Trail Use and Safety
CLOSE ENCOUNTERS WITH HORSEBACK RIDERS
What you don’t know about horses may cause you to slow down
You are driving down one of Pomfret’s country roads. Around a bend, you see several horseback riders approaching on the side of the road.
The horses look large to you, strong and powerful. The riders appear confident, fully in control of their magnificent steeds. Driving past them at 40 miles per hour should not both them, right?
For hundreds of years horses provided the primary source of transportation. Today, horses and riders are usually seen on roads when they go from one trail to another. Unless it is a highway, horseback riders have a right to be on the roads, and it is important for automobile drivers to know how to share the road with equestrians.
Some horses can race around a track with thousands of screaming fans, march in the Rose Bowl parade among the floats, bands, and spectators, or appear in a Western movie where gun shots are the norm. However, horses are skittish animals, easily frightened and always on guard for perceived danger. A horse’s first impulse is to jump or run away from any perceived danger – real or imagined.
Horses are prey animals – meaning they are pursued, attacked, and killed by predators. As a prey animal, the horse has survived by being wary of predators. When wild horses roamed the earth, they lived in herds for protection, constantly watching for predators, ready to flee in a split second. While most horses now used for trail riding and other disciplines were born into domestication, wild horse instincts still form the basis of their behavior. Like their ancestors, horses are alert and suspicious and have a highly developed flight reflex.
Horses also have highly developed senses. A horse’s eye is one of the largest of any living creature. The position of a horse’s eyes on the sides of his head provides greater peripheral vision, but also results in several blind spots. Horses tend to be farsighted, often becoming alarmed when an object is within a few feet. Horses’ ears are the most mobile of any domestic animal and can turn almost 180 degrees from front to back. Their hearing is better than humans – they can hear higher frequencies and from greater distances. The senses of smell and taste are also more highly developed in horses than in humans.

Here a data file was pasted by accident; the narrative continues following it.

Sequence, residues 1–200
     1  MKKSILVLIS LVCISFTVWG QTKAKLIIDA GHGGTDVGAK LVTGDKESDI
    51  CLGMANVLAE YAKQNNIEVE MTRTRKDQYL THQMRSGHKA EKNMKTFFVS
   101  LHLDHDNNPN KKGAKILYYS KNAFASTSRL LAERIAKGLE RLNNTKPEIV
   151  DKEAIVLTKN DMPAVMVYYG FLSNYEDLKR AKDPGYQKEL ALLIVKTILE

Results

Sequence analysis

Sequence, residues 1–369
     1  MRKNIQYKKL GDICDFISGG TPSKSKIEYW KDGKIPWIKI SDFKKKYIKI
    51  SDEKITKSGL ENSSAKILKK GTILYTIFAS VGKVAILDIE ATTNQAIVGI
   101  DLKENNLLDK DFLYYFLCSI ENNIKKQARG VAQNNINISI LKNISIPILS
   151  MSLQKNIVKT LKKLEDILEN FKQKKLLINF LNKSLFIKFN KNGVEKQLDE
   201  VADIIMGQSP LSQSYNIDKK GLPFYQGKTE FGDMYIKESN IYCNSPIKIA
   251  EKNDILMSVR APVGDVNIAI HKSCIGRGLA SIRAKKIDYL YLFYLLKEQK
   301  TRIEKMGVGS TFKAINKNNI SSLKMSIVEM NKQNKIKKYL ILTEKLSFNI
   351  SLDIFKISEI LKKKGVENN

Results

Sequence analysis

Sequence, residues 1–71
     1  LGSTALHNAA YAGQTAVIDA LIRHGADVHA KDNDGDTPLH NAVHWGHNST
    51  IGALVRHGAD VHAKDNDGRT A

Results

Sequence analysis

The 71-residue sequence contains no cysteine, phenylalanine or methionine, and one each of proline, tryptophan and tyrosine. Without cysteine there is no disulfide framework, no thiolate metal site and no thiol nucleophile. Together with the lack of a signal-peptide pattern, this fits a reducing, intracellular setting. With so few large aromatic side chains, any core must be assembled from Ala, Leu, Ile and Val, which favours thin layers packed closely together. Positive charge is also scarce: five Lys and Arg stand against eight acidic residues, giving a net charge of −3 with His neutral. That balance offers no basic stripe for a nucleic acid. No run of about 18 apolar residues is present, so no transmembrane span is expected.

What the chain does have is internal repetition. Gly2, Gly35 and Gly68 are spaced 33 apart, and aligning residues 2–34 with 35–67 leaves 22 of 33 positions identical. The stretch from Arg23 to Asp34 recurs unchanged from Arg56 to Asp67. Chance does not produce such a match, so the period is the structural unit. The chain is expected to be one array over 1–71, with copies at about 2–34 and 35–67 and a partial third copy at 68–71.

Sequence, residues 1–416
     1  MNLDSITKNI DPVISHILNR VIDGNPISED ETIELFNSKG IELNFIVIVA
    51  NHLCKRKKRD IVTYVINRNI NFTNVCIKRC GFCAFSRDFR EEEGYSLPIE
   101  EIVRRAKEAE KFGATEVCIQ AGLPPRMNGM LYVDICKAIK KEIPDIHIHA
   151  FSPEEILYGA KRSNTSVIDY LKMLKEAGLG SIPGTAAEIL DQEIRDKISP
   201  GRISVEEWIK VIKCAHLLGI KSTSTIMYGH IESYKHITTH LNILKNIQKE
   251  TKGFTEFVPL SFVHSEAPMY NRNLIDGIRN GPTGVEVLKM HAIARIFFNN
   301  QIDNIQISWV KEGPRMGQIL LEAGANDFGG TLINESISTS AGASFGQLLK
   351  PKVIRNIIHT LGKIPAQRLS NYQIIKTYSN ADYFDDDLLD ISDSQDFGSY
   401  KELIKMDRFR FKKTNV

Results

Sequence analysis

Horses do not like to be afraid. If a horse feels threatened by a noise, movement or any perceived danger, it will grow fearful and be likely to panic. Horses don’t like surprises, although they can learn to become tolerant of them. Loud noises such as gunshots, mysterious sounds such as a plastic bag, and sudden movements such as a duck taking flight, can elicit the startle response, which can turn into a full-fledged spook – jumping and running away from a frightening object or situation. The flight response can end with disastrous results for the horse and/or rider.
Riders need to be on alert and ready to respond to their horse’s sudden movements. Anyone sharing the trail or road with horseback riders needs to be sensitive to the potential of a frightened horse.
Connecticut State Statutes say it is the responsibility of the motor vehicle operator to slow down when passing horseback riders, or when necessary, to stop to be sure the rider has the horse under control before passing. A driver can be held liable if careless driving causes an accident involving a horse or carriage.
The Connecticut Horse Council recommends that motor vehicle operators follow a few simple guidelines:
• Slow down when approaching a horse and rider or horse and carriage
• Pass with a wide berth, at least 6-8 feet from the horse
• Do not pass on hills or curves
• When approaching a horse from behind, let oncoming traffic pass the horse first
• Drive a minimum of 20 feet behind a horse or carriage when following on the road
• Stop and wait if the rider is having a difficult time controlling the horse
• If a rider waves his/her hand palm down, please slow down
Just a little patience on the part of a motor vehicle operator can help prevent a tragedy from happening. So when you’re driving on that road in Pomfret and you approach those horseback riders, you’ll know why it is important to slow down. And when the riders wave and say thank you, you’ll know they are acknowledging a courteous driver.